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Published August 1, 2002 | Published
Journal Article Open

Spectral Properties of He and Heavy Ions in ^3He-rich Solar Flares


Using advanced instrumentation on the ACE spacecraft, we have conducted a survey of solar energetic particle spectra in ^3He-rich events over a broad energy range ~80 keV nucleon^(-1) to 15 MeV nucleon^(-1) during the period 1997 September-2001 March. The spectra of ^4He and heavy ions (C, N, O, Ne, Mg, Si, S, Ca, Fe) were generally similar over this range but often hardened below ~1 MeV nucleon^(-1). In most of the events there was even stronger hardening of the ^3He spectrum below ~1 MeV nucleon^(-1), leading to an energy-dependent ^3He : ^4He ratio. These observations point to unique and distinct properties of ^3He in these events and place new constraints on models that seek to explain enhancements of ^3He and heavy ions using the same mechanisms. In addition to the events with spectra in the form of power laws or double power laws, there is a second class of event in which the low-energy ^3He and Fe spectra are rounded, while the ^4He remains a power law. In these cases ^3He and Fe spectra can be fitted at low energies by a stochastic acceleration model, but this model does not explain the higher energy portions of these spectra, nor the power-law spectral forms of the ^4He. These observations appear to require an additional mechanism, such as acceleration by cascading MHD turbulence. The ^3He enrichment pattern that we observe suggests that all these different spectral features might be due to processes with a common origin but then followed by different acceleration histories.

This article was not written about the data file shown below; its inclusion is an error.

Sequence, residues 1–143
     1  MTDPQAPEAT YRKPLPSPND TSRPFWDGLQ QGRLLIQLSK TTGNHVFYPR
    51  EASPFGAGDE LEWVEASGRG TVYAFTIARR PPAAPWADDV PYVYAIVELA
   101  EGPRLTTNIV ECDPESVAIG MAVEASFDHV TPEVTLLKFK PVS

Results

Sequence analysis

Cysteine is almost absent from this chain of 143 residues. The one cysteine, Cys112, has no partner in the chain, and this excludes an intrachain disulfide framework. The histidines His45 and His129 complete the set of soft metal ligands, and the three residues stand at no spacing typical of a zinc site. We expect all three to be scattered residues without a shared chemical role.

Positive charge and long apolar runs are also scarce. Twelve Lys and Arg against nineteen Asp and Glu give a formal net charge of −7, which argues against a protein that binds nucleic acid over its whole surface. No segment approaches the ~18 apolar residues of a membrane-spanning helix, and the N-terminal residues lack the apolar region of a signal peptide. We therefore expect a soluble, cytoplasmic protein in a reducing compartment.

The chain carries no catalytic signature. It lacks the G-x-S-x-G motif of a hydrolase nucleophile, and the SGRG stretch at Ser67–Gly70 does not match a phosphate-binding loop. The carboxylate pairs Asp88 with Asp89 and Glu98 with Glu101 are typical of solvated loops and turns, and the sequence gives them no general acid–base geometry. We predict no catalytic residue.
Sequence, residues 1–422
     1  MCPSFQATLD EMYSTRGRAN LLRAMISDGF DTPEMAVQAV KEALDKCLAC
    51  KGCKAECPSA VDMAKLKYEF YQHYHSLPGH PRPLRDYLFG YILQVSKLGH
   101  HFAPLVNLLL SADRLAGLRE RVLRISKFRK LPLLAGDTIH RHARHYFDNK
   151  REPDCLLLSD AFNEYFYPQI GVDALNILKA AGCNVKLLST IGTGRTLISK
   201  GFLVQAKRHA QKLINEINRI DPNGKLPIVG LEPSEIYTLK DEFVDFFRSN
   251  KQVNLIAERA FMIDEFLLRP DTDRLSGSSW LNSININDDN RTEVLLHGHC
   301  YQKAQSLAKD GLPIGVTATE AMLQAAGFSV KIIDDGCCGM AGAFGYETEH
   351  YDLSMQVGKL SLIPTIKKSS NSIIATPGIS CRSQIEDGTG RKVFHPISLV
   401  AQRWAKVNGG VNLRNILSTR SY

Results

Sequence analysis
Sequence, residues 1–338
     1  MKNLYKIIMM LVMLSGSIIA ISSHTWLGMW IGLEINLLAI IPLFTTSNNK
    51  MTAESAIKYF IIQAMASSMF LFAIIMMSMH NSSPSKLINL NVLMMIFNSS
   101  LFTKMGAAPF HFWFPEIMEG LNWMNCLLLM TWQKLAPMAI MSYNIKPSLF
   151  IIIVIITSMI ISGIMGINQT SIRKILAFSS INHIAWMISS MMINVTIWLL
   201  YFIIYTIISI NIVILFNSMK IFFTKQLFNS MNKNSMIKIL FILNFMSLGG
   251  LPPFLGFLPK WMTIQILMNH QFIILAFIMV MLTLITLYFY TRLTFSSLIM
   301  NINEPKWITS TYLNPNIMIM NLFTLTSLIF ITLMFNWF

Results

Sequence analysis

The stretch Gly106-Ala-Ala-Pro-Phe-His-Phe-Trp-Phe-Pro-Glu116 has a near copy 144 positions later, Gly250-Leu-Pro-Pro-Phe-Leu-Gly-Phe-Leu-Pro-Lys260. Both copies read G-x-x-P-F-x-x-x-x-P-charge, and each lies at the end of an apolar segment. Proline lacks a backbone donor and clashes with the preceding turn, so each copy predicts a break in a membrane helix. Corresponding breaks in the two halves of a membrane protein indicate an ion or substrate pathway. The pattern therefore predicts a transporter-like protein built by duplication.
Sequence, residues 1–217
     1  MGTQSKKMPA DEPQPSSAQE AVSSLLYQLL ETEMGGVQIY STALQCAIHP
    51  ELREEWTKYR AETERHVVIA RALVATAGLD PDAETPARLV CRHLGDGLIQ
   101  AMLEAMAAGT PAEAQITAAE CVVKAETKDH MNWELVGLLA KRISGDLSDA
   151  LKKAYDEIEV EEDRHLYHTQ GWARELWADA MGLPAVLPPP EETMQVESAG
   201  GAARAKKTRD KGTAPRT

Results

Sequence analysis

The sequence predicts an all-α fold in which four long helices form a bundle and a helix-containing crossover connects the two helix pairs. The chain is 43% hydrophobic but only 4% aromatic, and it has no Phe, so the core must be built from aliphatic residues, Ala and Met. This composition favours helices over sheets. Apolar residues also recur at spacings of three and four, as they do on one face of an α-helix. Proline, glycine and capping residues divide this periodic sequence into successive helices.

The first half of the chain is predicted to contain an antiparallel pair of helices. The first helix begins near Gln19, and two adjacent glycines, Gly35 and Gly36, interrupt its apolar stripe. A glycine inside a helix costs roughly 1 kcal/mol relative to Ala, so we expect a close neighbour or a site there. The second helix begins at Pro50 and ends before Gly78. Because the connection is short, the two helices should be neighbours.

Additional Information

© 2002 American Astronomical Society. Received 2002 January 2; accepted 2002 April 8. We thank the many individuals at the University of Maryland, Johns Hopkins Applied Physics Laboratory, California Institute of Technology, Jet Propulsion Laboratory, and Goddard Space Flight Center responsible for the construction of the ULEIS and SIS instruments. This work was supported in part by NASA under grant PC 251429 at the University of Maryland and NAG5-6912 at Caltech.

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